Saturday, May 13, 2006

The Cars - Part 1

The morning Craig left Philistia I was at home at the McQueen's. Pastor Jack had gone into work. At about 10:00am the phone rang and it was him. He informed us that as he was pulling into the church parking lot the minivan had died. The transmission had died. It was going to cost a pretty penny just to get a mechanic to look it over and tell us what needed to be done. Then if it was an easy fix it was still going to cost over a grand, and if it was a hard fix than it would cost twice as much. And given the age of the car it wouldn't be worth it.

So now Craig is on his way and we've been knocked down to one car. The Ford holds six people. There would be seven of us. The fact that the Ford had a faulty alternator did not make me feel any more comfortable.

However, we figured out how we could do the morning and afternoon trip. We'd all pile into the car in the morning. We'd drive through the back street's to the assistant Pastor's house where we would drop Robin off. Robin went to a private school with the daughter of the assistant pastor. The assistant pastor lives right around the corner of that school, and the school is in a small town in between Embrun and Ottawa.

We would then drive through the back-roads to Wendy's school where she taught. At that point Craig and I would get dropped off so we could take the bus to work. Jack and Bruce would go to the church. Bruce's school was right accross the street from the church.

At the end of the day Craig and I would bus down to Billing's Bridge (a mall and major bus stop) where we would meet Jack and Bruce, then drive to Wendy's school, then off to pick up Robin. Then we would go home.

On the first day of work it started out alright. But on the way home Craig and I met up with the family at Billing's Bridge. They had picked up Robin, so she was with us too. We got into the car and Pastor Jack turned the key. But the engine wouldn't turn over. He turned again. Still nothing. He turned a third time, and the engine started. We drove across the parking lot and stopped to get gas at the station there.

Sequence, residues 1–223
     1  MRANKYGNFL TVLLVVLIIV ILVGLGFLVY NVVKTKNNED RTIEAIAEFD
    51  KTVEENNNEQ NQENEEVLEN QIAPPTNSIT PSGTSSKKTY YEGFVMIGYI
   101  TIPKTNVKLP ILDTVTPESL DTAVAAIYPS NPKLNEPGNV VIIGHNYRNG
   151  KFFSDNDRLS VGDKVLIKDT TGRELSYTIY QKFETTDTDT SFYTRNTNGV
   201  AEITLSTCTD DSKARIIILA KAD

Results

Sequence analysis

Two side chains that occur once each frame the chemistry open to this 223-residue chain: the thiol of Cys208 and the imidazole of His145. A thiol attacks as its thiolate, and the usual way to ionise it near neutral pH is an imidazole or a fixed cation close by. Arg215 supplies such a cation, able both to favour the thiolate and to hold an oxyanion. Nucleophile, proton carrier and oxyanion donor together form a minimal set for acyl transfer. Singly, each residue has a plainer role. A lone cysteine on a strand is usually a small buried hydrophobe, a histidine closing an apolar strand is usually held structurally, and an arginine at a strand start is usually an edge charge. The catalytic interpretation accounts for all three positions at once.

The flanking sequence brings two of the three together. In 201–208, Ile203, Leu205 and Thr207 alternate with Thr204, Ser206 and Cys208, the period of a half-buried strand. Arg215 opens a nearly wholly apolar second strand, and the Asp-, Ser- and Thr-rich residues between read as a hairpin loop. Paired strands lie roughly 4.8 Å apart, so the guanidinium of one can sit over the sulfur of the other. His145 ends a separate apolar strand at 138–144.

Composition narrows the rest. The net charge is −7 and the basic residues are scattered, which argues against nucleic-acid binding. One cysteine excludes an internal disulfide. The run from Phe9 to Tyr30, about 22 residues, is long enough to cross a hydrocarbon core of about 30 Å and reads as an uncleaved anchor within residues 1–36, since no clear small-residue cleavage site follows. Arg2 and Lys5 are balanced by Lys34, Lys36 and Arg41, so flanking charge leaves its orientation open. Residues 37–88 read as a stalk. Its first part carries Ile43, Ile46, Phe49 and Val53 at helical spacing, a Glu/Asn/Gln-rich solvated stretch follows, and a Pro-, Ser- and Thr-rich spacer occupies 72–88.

But afterwords he could not start the engine. But there was a mechanic's shop kitty-corner to Billing's Bridge. Pastor Jack ran accross to get him. The mechanic that came over and looked at the car and tested the battery. He said we'd have to get the car over to his shop. We would have to push. One person would have to steer, another person would have to stop traffic, and everyone else would have to push. The mechanic, who became known to us as Slippery Pete, was yelling stuff out. He had a pretty thick Arabic accent. He yelled something at me I didn't understand. All of a sudden I could understand him, or perhaps he just spoke more clearly, and he yelled "What are you? Are you a man? Or are you a woman?!" (Of course, this caused me to be the laughing stock of the family for months to come.)

I offered to be a steerer. Pastor Jack went out to stop traffic. Now, this was at the corner of Bank and Riverside, two very busy, major streets in Ottawa. This was during rush hour. Lots of traffic, but on the upside, no one was driving insanely fast.

So, we pushed the car out the wrong way of a one-way entrance, left onto Bank, across Riverside, and into the garage. The mechanic, who was clearly Arabic told us his name was Peter. Jack asked him his last name. "Uhhhhhh.....Jason."


Sippery Pete kept the car overnight to replace the alternator. By this time of night all of the car rental places were closed. So we bussed it down to the airport and rented an SUV there. We picked up Wendy and went home. The whole time a turkey was in the oven. Of course the water in the pan had all evaporated by the time we got home. So, at about 11:00pm we had dinner. The driest turkey you could imagine. (As opposed to the water-logged turkey of Thanksgiving, but that's another story.)

The next morning we all went to work/school. At work I called Pastor Jack to see if he had gotten the car back from Slippery Pete. He said that it turned out that it wasn't the alternator like we thought, but the solenoids on the battery needed replacing. They were so bad that the battery wasn't getting charged by the alternator. We were happy with the diagnosis because it was a lot cheaper than a brand new alternator.

So, we got the car, and drove home. The next day we went to work, and as Craig and I were waiting for Jack and Bruce at Billing's Bridge. Instead of the blue Taurus, a white Ford F-150 pulled up. Craig and I jumped in and Jack said "Don't ask."

Well, see, what happened was that aside from the battery solenoids being worn out, it turned out that it was the alternator after all! So the battery had died on us again. The car was parked beside the dead Voyager in the church parking lot.

So, on the weekend Jack went to the wrecker's and bought a used alternator for the Taurus. He installed it. But alas, it turned out to be a faulty alternator. So he had to return it and get another alternator. Finally the Ford was working. We had a working car in the family again.

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